09.06.2016 |

EU Parliament slams G7 New Alliance as threat to African small-scale farmers

Will African farmers benefit? (Photo: CCO, Pixabay, skeeze)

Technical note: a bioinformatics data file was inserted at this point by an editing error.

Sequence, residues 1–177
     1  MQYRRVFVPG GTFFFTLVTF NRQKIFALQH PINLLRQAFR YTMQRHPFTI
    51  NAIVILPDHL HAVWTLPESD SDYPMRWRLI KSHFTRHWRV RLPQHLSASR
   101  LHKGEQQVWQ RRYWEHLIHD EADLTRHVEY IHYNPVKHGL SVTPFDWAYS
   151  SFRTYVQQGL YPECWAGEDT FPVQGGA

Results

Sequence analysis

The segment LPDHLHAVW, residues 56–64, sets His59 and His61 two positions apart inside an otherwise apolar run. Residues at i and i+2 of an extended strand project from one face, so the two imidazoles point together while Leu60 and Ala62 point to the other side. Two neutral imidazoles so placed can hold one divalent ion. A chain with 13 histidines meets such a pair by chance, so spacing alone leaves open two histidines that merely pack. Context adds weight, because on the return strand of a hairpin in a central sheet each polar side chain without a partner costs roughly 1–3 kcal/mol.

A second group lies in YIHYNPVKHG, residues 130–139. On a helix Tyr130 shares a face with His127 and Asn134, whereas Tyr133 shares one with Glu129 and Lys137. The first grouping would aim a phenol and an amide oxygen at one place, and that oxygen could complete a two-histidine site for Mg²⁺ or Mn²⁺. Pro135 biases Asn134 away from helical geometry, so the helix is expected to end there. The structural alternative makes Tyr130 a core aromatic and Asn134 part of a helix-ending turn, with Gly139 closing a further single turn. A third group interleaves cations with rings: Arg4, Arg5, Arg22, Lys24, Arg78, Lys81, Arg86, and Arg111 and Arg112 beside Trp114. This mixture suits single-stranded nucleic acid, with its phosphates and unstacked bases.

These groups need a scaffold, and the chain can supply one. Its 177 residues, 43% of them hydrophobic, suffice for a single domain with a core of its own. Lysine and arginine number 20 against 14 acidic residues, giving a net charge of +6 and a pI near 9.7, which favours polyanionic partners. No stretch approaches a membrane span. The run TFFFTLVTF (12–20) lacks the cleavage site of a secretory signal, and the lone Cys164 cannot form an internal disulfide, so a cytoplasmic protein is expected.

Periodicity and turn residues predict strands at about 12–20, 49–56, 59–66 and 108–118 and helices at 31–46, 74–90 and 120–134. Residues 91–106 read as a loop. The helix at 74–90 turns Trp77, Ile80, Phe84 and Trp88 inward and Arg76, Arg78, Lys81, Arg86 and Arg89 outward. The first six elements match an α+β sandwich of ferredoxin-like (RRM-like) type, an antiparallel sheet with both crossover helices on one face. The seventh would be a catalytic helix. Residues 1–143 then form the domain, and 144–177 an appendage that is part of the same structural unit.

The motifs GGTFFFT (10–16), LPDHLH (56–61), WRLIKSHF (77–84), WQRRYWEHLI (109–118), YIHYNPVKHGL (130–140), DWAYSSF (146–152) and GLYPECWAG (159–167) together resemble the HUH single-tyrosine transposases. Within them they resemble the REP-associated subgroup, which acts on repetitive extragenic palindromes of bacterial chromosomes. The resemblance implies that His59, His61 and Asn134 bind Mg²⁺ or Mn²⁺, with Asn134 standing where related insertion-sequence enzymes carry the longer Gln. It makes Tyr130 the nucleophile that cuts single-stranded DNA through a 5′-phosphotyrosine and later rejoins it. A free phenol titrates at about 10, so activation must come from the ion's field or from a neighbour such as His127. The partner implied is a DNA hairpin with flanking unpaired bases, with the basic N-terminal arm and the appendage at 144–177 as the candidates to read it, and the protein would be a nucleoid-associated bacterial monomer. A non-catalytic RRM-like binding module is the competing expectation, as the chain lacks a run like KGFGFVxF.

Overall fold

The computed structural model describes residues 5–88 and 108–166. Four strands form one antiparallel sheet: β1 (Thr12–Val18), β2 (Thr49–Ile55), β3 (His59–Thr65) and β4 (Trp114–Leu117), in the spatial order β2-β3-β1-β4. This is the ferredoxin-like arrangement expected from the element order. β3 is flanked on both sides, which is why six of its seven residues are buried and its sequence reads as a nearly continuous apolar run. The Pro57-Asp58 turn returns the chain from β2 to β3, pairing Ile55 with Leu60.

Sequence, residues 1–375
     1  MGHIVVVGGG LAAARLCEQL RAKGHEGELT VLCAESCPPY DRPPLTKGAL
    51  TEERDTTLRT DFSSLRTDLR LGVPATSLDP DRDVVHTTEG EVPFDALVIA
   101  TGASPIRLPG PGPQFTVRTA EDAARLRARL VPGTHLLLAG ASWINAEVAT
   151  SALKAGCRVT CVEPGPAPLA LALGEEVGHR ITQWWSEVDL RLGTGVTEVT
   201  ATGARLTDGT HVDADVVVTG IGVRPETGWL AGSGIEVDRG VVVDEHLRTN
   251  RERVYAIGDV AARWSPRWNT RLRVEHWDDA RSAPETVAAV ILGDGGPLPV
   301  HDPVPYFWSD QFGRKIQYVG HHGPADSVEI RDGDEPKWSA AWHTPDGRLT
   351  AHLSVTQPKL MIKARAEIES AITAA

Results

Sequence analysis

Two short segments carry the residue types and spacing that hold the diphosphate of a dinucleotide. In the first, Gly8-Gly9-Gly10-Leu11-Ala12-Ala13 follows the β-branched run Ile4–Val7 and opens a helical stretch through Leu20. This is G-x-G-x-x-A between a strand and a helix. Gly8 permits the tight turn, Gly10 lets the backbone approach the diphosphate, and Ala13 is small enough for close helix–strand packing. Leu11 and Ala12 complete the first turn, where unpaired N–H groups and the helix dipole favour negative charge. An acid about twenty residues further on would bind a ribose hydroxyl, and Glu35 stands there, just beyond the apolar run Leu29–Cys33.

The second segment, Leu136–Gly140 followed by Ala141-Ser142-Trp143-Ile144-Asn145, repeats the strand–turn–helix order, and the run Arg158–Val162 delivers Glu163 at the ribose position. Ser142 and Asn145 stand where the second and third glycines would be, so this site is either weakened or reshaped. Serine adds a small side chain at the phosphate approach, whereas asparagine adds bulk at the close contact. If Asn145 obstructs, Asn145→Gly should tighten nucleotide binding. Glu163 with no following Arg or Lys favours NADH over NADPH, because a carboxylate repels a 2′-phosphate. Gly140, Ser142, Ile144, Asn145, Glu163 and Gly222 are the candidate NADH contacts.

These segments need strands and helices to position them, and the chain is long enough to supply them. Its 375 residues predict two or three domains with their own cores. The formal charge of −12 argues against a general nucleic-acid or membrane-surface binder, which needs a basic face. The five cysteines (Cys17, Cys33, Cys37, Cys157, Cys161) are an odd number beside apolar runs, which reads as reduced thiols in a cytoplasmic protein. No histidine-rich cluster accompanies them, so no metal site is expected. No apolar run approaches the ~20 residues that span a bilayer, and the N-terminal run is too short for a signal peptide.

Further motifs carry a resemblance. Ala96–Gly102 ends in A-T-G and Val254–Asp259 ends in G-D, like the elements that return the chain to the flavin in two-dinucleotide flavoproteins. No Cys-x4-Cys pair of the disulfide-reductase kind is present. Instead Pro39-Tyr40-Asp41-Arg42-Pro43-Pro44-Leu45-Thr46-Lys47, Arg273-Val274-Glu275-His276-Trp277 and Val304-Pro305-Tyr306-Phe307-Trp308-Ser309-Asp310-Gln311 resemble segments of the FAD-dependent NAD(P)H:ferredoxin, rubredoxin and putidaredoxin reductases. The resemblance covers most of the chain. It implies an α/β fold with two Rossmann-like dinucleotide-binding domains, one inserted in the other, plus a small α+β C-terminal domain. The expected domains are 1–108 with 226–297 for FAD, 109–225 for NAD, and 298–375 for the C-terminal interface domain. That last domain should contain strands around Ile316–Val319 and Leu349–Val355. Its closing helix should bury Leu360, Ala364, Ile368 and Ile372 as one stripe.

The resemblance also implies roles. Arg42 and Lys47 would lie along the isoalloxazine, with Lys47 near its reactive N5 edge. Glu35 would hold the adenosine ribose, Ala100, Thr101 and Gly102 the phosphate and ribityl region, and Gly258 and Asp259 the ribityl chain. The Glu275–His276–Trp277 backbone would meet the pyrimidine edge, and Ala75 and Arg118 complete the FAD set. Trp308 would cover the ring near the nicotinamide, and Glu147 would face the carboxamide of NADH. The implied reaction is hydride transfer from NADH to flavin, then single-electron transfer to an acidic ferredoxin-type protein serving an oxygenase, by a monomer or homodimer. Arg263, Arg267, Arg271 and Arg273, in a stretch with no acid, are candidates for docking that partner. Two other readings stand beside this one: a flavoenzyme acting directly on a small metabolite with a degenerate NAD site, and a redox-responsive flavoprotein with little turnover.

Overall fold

The European Parliament has heavily criticised the G7 New Alliance for Food Security and Nutrition (NAFSN), saying it benefits agribusiness while posing a threat to small-scale farmers and the environment. MEPs voted on 7 June to adopt a report from the parliament’s development committee. They called on the G7 to ensure projects under the New Alliance include environment protection measures and safeguards against land grabs - or to abandon the initiative altogether if it does not radically alter its mission. “Supporting family farmers and smallholders would be the most effective way to fight hunger in many African regions. Instead, the EU is contributing its scarce development funding to the New Alliance, which actually undermines sustainable small-scale food production and local food systems,” said Maria Heubuch, a German Green MEP and rapporteur on the alliance. Launched in 2012, the NAFSN aims to boost agriculture and relieve poverty by working with private companies in ten participating Sub-Saharan African states which are in turn expected to change their legislation on land, seeds and foreign investments. However, the report notes that the Alliance prioritizes the interests of agricultural companies over those of small-scale farmers who have been largely excluded from negotiations. “As recent studies showed, there are cases of land grabbing by private companies, which the EU co-funded indirectly. If the New Alliance does not address the severe problems that we witness, the EU should withdraw from the initiative“, urged Heubuch. The report warns against “replicating in Africa the Asian ‘Green Revolution’ model of the 1960s and ignoring its negative social and environmental impacts.” It stresses that the NAFSN must restrict the use of chemical fertilisers and pesticides and warns that the development of extensive irrigation in the targeted geographical investment areas may reduce water availability for other users, such as small-scale farmers or pastoralists. The report also highlights the need to uphold farmers’ rights to produce, exchange and sell seeds freely, as this underpins 90% of agricultural livelihoods in Africa and is vital to build resilience to climate change. It warns against “the dangers of deregulation of the seed sector in participating countries, which may lead to smallholders becoming over-dependent on seeds and plant protection products manufactured by foreign companies.” While commercial seed varieties may improve yields in the short term, traditional farmers’ varieties, landraces and associated knowledge are best suited for adaptation to specific agro-ecological environments and climate change, MEPs said. “The report calls on the countries of the G7 to stop promoting genetically modified seeds in Africa. This is a real success,” said Heubuch. With the adoption of the report, the EU Parliament took its first official stance on the controversial alliance. MEPS called for support to be given instead to policies which protect and assign priority to small-scale food producers, particularly women, and promote sustainable land use. (ab)

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